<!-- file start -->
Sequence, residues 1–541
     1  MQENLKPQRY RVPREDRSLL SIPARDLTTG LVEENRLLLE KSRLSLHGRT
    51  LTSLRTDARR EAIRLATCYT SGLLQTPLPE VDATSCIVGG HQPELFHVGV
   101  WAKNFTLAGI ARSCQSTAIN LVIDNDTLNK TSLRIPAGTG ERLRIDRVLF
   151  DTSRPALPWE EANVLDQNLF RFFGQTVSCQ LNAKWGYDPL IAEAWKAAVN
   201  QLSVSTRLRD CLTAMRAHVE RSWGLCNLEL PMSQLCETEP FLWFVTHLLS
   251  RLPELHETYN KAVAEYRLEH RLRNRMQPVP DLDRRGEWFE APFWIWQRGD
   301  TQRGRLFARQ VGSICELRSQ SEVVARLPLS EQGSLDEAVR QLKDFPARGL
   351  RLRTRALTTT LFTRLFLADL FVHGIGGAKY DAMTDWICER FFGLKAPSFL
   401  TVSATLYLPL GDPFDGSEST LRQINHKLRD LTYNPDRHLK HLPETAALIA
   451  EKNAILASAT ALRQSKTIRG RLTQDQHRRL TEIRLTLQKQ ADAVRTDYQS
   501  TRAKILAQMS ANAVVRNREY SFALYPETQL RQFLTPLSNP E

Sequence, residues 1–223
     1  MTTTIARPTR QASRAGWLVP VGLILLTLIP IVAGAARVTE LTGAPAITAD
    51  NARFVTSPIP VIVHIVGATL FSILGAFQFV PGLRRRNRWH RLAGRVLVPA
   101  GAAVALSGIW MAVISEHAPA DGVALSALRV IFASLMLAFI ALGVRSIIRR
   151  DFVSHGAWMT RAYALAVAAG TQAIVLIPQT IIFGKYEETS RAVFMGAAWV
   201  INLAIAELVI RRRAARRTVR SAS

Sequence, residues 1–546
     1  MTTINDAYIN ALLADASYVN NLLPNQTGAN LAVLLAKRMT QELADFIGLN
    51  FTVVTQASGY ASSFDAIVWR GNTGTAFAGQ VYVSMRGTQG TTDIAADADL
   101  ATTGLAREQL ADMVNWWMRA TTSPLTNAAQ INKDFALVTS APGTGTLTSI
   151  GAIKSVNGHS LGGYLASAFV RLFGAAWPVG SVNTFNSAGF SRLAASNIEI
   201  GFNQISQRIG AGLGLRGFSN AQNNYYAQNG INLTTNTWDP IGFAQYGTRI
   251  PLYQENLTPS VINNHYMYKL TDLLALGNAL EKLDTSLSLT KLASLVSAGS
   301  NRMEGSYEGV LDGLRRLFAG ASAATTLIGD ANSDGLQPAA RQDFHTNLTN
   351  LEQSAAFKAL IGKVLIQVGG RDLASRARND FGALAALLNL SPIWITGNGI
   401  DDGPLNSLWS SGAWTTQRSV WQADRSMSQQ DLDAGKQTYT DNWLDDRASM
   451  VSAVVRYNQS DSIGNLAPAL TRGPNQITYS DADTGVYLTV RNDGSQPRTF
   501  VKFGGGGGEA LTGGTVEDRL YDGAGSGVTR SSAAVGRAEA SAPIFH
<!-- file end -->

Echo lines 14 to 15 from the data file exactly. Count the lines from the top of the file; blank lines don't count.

     1  MTTTIARPTR QASRAGWLVP VGLILLTLIP IVAGAARVTE LTGAPAITAD
    51  NARFVTSPIP VIVHIVGATL FSILGAFQFV PGLRRRNRWH RLAGRVLVPA